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Intramural Cricket

Activities include: Cricket

Winter Leagues

  • When are leagues and tournaments in this sport offered? What PlayStyles are available?
    Check the Sport Calendar on the 'SPORTS' tab of our Intramural Sports page.
  • Who can play Intramural Sports at McMaster? How do I register?
    Check the 'REGISTER' tab of our Intramural Sports page.
  • Accessible
  • Registration Required


Open Indoor Cricket Rules

Game play is governed by the 'Laws of Cricket,' as developed by the Marylebone Cricket Club, with the following additions:


1. Maximum of 8 players per team on the playing field at a time.



1. Playing Field: The pitch will be setup within the gymnasium with wickets positioned towards the 'back wall' and the 'playing area' in front.

a) A ball is considered in play as long as it remains within the defined playing area. The playing area is constituted to be all space inside the open side of the solid red line. The ball is out of play if any part of it touches the red line.

2. Game Length: Games are 7 overs long with 45 minute time limit.

3. Equipment - Ball: A "tape-ball" will be used (modified tennis ball).



1. Batting: 2 batters at all times - one at the batting end, the other at the bowling end.

a) Upper-Boundary – Automatic Out: Any batted ball that leaves the Sport Hall (entering the track), hits the metal railings, or that strikes the ceiling, lights, or above the white-line is an automatic out. Any disregard for the well-being of others, or equipment, will result in removal from play at the official's discretion. 

2. Fielding: Aside from the bowler and wicket-keeper, fielders position themselves as they desire.

3. Scoring: Teams score runs when batters reach the opposite crease safely.

a) Batter: A run is completed when a batter hits the ball and then runs to the other end of the cricket pitch, getting past the crease.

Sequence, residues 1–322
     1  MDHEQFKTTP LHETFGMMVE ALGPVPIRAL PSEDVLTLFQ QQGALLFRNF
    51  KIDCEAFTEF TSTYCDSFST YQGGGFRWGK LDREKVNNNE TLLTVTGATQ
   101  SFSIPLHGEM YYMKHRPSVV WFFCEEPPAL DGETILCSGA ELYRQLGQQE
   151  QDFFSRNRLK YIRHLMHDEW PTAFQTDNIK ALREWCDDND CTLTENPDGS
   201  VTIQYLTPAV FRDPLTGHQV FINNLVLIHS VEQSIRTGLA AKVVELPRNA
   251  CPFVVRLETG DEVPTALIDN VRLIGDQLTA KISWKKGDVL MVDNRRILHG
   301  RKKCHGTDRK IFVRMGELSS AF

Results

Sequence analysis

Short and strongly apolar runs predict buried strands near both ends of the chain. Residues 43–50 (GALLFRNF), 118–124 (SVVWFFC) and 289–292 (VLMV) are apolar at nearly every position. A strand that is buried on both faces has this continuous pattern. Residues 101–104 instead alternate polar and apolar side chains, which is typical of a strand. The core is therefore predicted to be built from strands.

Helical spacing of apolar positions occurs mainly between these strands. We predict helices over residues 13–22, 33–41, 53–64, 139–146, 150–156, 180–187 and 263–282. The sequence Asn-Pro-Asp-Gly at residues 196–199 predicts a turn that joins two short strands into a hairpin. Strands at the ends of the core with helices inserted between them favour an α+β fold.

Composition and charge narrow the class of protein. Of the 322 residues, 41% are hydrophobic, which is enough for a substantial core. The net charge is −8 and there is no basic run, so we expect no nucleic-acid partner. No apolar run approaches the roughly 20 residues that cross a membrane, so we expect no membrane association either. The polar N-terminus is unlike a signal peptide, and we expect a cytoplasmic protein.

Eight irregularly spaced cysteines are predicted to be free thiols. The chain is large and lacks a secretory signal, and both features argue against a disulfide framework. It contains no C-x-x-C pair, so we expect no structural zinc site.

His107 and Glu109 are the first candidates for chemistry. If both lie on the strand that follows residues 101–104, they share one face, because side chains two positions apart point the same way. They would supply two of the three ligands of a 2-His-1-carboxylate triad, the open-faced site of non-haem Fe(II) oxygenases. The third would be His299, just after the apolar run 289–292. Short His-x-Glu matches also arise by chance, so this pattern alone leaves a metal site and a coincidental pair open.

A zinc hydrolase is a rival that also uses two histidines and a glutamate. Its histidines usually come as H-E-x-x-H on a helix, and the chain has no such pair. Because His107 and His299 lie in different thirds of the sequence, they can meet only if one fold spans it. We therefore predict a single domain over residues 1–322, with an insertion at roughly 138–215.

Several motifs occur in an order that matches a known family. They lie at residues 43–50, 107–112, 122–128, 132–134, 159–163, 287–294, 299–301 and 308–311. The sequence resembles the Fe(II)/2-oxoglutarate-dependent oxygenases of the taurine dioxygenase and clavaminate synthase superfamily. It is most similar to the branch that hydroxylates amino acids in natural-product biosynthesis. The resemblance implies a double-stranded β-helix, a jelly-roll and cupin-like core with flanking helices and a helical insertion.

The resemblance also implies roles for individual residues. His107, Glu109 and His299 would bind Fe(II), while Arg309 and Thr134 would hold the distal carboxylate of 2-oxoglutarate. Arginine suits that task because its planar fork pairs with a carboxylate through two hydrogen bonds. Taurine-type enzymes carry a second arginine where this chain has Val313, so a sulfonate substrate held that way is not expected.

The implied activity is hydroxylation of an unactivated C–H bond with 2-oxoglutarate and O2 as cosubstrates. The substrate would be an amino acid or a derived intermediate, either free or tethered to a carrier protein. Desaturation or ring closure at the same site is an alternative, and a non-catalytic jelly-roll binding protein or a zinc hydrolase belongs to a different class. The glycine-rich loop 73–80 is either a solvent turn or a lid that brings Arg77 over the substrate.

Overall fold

b) Non-striking Batter: Must run opposite the ‘striking batter’.

c) Getting Out: The batters can run as many times as they like, but if a fielder hits their stump while they are outside the crease, the batter is out.

d) Walls: One run will be awarded if a batted ball hits the side walls or the wall behind the wicket-keeper. A run will also be awarded if the ball hits the back wall on a wide or legitimate delivery. The runs are awarded based on the first wall the ball comes into contact with.

4. Scoring by Boundaries: Runs can be scored by hitting boundaries.

a) Bounce-to-Front Wall: Score 4 runs.
b) Direct-to-Front Wall: Score 6 runs.

5. Bowling/Pitching: A bowler has to bowl 6 bowls in an ‘over’. Maximum 2 overs per bowler per game.

a. If a bowler fails to deliver a hittable ball, as below, runs will be scored:

i. No balls: When the bowler oversteps the crease, bowls in a dangerous manner or incorrectly, or if the ball rises above the batter’s head -- score one run, and re-bowl the pitch.

ii. A wide: When the ball goes outside the line indicated next to the wickets -- score one run, and re-bowl the pitch.

iii. A leg bye: When the ball hits the batter without contacting their bat, the batter may NOT score by running. If the ball proceeds to hit the wall on a leg bye, runs for the wall contact are not awarded.

iv. A bye: When the batter runs without the ball coming into contact with their body or bat, they may score by running. Runs for the the ball making contact with the wall are rewarded.

6. Fielding for Outs:

a) Catching the Batter Out: When a fielder catches a ball off the batter’s bat before it has contacted the ground – called ‘catching on the full.’

b) Bowling the Batter Out: Bowling the ball and striking the batter’s stumps or bails.

c) Stumping the Batter: When the wicket-keeper fields a pitch and hits the stumps catching a batter out of their crease.

d) Run Out: When a fielder hits the batter/runner’s stumps while they are outside of the wicket crease.

e) Hit Wicket: When the batter hits their own stumps while trying to hit the ball.

7. Tie-Breaking Procedure: There are no ties! In the event of a tie at the end of regulation, a bowl-out will take place.

a) A bowl-out is similar to a penalty shootout in soccer: Each team will be given five chances to bowl to open stumps and the team hitting the stumps the most times will advance.

b) Each bowler can only bowl once.

c) If still tied after five bowlers each, a sudden-death bowl out begins with each team taking one bowl until one hits and the other misses. The sudden-death bowler must be one of the initial five bowlers.

d) Both teams will be awarded one point in the standings for the tie - the winner of the bowl-out is awarded the additional point (total 2) for the win.